Surviving Colonel Williams

EXCLUSIVE: Laurie Massicotte describes the hours of hell she endured at his hands


Jerome Lessard/QMI Agency /Donald Weber/VII Network/ Alex tavshunsky/CP

Laurie Massicotte watches the same two television programs before bed: Law & Order at 11 p.m., and Without a Trace at midnight. On that Tuesday evening last September, she followed her typical routine, curling up on the living room couch with an apple, the remote control, and one of her daughters’ old Barbie blankets. Within 15 minutes, she was fast asleep. “It was a busy day,” she says now, one year later. “I spent most of it cleaning: bringing in pots from the yard, rearranging furniture in the basement. I was exhausted.”

When she woke up in the wee hours of Wednesday morning, Massicotte remembers two specific things: hearing the theme song for the final credits of Without a Trace, and being smothered under her blanket as someone on the other side delivered punch after punch to her face. In those first few seconds, the 46-year-old was so disoriented and so short of breath that she assumed the house was on fire, and that thick smoke had filled her eyes and lungs. She soon realized the terrifying truth. “Shhh,” said the intruder, in between blows to the head. “I need you to be quiet.”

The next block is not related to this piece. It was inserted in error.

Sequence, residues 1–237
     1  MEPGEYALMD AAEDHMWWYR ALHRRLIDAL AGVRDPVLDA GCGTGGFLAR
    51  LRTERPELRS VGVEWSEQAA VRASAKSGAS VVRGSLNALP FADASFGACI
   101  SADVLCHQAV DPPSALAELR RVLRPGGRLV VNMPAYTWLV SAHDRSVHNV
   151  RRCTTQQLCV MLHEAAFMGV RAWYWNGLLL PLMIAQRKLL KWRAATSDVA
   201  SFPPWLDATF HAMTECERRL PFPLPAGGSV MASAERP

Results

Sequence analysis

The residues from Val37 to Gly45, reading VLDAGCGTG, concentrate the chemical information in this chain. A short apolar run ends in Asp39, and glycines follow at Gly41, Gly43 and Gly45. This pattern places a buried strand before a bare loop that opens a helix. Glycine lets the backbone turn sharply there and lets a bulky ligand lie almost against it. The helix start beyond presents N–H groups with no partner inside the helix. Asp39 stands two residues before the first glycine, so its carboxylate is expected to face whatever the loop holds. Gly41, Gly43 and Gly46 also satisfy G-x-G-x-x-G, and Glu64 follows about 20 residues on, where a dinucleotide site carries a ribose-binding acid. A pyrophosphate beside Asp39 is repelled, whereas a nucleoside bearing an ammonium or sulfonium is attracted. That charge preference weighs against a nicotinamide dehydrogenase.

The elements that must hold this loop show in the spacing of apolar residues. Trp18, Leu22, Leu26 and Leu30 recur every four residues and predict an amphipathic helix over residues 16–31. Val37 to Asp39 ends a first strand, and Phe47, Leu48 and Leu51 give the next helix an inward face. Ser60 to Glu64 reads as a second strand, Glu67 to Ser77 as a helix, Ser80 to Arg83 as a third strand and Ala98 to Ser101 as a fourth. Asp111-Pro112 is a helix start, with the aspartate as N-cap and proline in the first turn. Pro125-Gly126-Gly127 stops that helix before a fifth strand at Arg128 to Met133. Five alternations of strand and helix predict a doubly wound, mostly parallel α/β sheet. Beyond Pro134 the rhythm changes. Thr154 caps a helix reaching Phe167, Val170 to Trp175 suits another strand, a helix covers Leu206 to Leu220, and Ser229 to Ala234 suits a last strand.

What transpired over the next 3½ hours was pure terror. Home alone, Massicotte was blindfolded, shackled, stripped naked with the sharp edge of a knife, and forced to pose for dozens of unthinkable photographs before the stranger in her house finally fled. Every time he ordered her to sit this way or lean that way, his threat was the same: “Don’t make me make you.”

“I thought he was going to kill me at any given moment,” she says. “It was just like a horror movie, and I didn’t know what was going to happen in the next scene.” The scene five months later was almost as sickening. In February, two detectives from the Ontario Provincial Police (OPP) visited Massicotte’s home in Tweed, a small eastern Ontario town just north of Belleville. “It’s all over,” one of them told her. “We’ve caught the person who did this to you, and he has confessed.”